Other women are happy too, but say the blackouts are difficult to deal with.
“We no longer sleep with our children in the dark. Now the problem is the blackout. And that happens early. We can’t always plug in our fridges, ”says Kadidiatou Daou.
She is not alone to complain about this problem. The villagers are calling on the local authorities to enlarge the solar power plant so that everyone can get light. They believe this will reduce the blackouts as well.
A renewable future on hold
In the Ségou region, many projects are focused on renewable energy, although some are still pending for many reasons, says Souleymane Coulibaly, the local director of the National Energy Company in Ségou.
“Many of our projects are geared towards renewable energies. The National Renewable Energy Agency had a project that was supposed to start in 2020 but things have slowed down due to Covid19, ”says Coulibaly.
Thanks to solar energy and a hybrid system, 70 villages in 12 different areas are supplied with electricity, ”he adds.
Ségou is at a turning point following its relative success in providing electricity to many villages through solar panels. The region is home to one of the most advanced renewable energy projects – a 33 megawatt solar photovoltaic system being built on 87 hectares.
The project is funded by the African Development Bank and the International Finance Corporation, a subsidiary of the World Bank.
For Nouhoum Diarra, the mayor of Ségou, this project is very important for the country, although it is still not operational.
“We had a land problem – I mean illegal occupation of the site. We will find a solution for this. We also had a financial problem so it couldn’t start. The project is still stalling while it carries five percent of energy consumption in Mali, ”Diarra told the Africa Calling podcast.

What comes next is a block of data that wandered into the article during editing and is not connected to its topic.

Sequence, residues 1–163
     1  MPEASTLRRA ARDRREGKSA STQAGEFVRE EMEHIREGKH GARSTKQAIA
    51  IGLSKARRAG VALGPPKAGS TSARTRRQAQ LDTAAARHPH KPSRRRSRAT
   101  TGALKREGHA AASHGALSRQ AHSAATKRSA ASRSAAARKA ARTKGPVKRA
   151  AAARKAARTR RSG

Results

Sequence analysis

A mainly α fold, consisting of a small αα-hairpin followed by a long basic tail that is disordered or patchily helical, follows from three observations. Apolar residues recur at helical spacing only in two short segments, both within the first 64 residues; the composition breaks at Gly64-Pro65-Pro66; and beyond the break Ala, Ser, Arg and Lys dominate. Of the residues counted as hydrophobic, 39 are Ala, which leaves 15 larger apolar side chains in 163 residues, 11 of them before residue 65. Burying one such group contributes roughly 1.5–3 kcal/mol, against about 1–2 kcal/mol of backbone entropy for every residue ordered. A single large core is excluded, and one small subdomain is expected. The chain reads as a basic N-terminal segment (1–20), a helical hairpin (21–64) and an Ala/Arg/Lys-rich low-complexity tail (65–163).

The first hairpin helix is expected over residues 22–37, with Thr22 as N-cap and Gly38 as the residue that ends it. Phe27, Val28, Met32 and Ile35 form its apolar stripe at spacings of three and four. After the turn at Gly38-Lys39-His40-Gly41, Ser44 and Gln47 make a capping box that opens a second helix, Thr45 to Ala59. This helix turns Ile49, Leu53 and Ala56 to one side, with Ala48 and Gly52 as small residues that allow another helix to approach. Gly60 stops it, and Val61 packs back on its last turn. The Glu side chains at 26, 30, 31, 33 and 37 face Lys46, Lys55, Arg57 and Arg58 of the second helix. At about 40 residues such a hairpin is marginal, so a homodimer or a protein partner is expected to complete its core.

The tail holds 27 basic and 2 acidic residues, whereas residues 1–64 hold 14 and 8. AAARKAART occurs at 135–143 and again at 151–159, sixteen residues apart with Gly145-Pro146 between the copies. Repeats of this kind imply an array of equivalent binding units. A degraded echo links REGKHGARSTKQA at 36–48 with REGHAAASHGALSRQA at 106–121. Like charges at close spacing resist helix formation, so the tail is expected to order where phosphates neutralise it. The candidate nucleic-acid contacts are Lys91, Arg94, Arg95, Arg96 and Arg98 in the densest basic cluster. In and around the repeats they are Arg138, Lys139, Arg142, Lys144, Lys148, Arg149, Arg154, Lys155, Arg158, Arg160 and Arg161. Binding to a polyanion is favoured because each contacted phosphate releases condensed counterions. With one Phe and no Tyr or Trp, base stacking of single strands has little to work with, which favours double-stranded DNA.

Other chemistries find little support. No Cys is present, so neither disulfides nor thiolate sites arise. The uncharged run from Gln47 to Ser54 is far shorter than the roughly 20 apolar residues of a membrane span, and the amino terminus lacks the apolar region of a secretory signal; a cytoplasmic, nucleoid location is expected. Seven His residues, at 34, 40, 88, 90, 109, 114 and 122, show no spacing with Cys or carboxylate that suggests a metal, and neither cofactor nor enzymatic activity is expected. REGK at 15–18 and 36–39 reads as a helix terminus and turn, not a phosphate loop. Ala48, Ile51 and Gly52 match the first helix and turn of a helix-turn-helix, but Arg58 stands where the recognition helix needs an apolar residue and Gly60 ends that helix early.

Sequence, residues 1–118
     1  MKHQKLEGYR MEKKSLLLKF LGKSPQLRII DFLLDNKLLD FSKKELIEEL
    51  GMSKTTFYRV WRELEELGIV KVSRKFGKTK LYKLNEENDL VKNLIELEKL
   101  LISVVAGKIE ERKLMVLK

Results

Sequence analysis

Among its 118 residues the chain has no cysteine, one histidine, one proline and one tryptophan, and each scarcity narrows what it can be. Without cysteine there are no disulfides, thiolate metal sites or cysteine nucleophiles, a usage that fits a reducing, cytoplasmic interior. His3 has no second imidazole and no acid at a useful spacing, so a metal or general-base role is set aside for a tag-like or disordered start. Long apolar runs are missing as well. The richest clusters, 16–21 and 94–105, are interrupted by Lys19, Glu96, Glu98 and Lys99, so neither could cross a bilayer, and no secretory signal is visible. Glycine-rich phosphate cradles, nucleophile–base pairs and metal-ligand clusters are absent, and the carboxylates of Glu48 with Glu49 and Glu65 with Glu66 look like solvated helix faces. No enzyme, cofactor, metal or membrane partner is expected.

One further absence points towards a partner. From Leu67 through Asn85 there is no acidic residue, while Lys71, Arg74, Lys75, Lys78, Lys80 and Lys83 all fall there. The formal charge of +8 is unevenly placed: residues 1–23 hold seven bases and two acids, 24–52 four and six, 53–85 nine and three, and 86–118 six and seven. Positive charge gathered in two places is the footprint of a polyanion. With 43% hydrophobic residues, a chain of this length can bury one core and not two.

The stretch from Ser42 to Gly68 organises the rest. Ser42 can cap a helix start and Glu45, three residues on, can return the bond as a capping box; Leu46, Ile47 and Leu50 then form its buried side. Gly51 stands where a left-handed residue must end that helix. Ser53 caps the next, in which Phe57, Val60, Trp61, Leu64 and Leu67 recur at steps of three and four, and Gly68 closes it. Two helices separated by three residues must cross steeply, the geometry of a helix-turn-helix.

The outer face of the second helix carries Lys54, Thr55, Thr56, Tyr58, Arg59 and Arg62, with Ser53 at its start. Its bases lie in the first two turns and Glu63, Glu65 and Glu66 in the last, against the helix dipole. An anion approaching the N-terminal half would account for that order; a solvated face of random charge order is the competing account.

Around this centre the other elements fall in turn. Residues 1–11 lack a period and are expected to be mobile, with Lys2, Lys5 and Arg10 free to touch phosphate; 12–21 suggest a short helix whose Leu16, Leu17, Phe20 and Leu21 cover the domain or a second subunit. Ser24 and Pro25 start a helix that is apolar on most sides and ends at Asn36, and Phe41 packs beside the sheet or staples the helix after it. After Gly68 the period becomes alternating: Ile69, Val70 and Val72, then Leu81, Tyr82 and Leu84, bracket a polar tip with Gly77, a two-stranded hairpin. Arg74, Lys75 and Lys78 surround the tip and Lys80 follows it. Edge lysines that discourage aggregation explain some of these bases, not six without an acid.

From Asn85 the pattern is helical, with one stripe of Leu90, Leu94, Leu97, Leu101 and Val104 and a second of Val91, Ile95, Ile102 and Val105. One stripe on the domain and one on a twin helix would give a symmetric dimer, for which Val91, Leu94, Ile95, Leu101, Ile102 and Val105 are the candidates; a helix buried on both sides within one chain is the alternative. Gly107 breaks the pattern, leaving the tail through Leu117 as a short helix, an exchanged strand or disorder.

This € 50 million project is a semi-public proposal initiated by Scatec, a Norwegian company funded by various partners. The company itself holds 51 percent of the total financing and will build the solar power plant as well as provide technical and financial support for the project and be part of its management for the next 25 years.
Scatec signed a concession agreement with the Malian Energy Company so that Mali can take full control of the site after this time. With more than 100 solar panels, it will cover 90% of the region’s energy needs, according to the mayor.
In addition, the region has signed sub-regional agreements in the field of renewable energies.
“We signed the mayors’ agreement for sub-Saharan Africa on climate change and an agreement with Expertise France, a consortium of French experts helping cities on the continent to develop their plan,” says Diarra.
“We entrusted the project to the Ségou development agency, which is acting on our behalf so that we can develop our plan,” he adds.
At the national level, the country is trying to switch to renewable energy – it is financial support that continues to be an issue.
“We are working on the new plan. By 2030 we want 25 percent of our production to be powered by renewable energies, ”says NEC boss Berthé.
“We plan to electrify the whole country with solar energy. The country is huge and renewable energies give us that opportunity. We can just use small solar power plants anywhere, ”he adds.
According to Berthé, the national electrification rate is currently 49 percent, in rural areas 29 percent. He sees renewable energy as an efficient means of providing electricity to more areas, including remote locations.